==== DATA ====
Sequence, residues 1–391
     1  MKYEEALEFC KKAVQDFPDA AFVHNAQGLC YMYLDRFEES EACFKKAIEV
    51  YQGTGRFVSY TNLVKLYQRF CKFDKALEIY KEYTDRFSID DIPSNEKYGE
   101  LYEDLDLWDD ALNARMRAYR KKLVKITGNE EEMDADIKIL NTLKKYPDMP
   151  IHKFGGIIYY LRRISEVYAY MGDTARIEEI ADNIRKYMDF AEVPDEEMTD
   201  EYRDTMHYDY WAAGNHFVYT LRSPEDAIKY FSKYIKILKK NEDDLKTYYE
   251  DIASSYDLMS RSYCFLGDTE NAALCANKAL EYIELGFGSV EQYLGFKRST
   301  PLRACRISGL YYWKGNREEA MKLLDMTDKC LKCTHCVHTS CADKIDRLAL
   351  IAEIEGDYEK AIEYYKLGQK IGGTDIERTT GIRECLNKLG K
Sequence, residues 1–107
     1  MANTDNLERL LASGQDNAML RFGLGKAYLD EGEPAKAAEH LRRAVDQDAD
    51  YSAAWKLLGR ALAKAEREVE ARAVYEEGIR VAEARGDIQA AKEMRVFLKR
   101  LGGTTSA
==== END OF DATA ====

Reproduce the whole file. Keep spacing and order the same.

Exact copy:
Sequence, residues 1–391
     1  MKYEEALEFC KKAVQDFPDA AFVHNAQGLC YMYLDRFEES EACFKKAIEV
    51  YQGTGRFVSY TNLVKLYQRF CKFDKALEIY KEYTDRFSID DIPSNEKYGE
   101  LYEDLDLWDD ALNARMRAYR KKLVKITGNE EEMDADIKIL NTLKKYPDMP
   151  IHKFGGIIYY LRRISEVYAY MGDTARIEEI ADNIRKYMDF AEVPDEEMTD
   201  EYRDTMHYDY WAAGNHFVYT LRSPEDAIKY FSKYIKILKK NEDDLKTYYE
   251  DIASSYDLMS RSYCFLGDTE NAALCANKAL EYIELGFGSV EQYLGFKRST
   301  PLRACRISGL YYWKGNREEA MKLLDMTDKC LKCTHCVHTS CADKIDRLAL
   351  IAEIEGDYEK AIEYYKLGQK IGGTDIERTT GIRECLNKLG K
Sequence, residues 1–107
     1  MANTDNLERL LASGQDNAML RFGLGKAYLD EGEPAKAAEH LRRAVDQDAD
    51  YSAAWKLLGR ALAKAEREVE ARAVYEEGIR VAEARGDIQA AKEMRVFLKR
   101  LGGTTSA